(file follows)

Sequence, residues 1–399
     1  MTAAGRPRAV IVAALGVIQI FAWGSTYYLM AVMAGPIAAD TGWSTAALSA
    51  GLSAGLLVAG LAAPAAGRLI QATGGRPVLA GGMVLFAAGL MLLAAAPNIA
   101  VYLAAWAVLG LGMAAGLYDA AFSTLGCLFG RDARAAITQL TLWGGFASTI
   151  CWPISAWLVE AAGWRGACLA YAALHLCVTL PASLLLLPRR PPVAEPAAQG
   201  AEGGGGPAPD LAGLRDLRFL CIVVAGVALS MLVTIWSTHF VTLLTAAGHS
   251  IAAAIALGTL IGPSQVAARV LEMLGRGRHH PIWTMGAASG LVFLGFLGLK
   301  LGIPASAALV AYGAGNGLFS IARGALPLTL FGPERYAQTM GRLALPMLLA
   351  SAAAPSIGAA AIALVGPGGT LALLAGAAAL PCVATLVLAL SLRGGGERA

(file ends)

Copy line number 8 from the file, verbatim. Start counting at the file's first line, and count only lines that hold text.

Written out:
   301  LGIPASAALV AYGAGNGLFS IARGALPLTL FGPERYAQTM GRLALPMLLA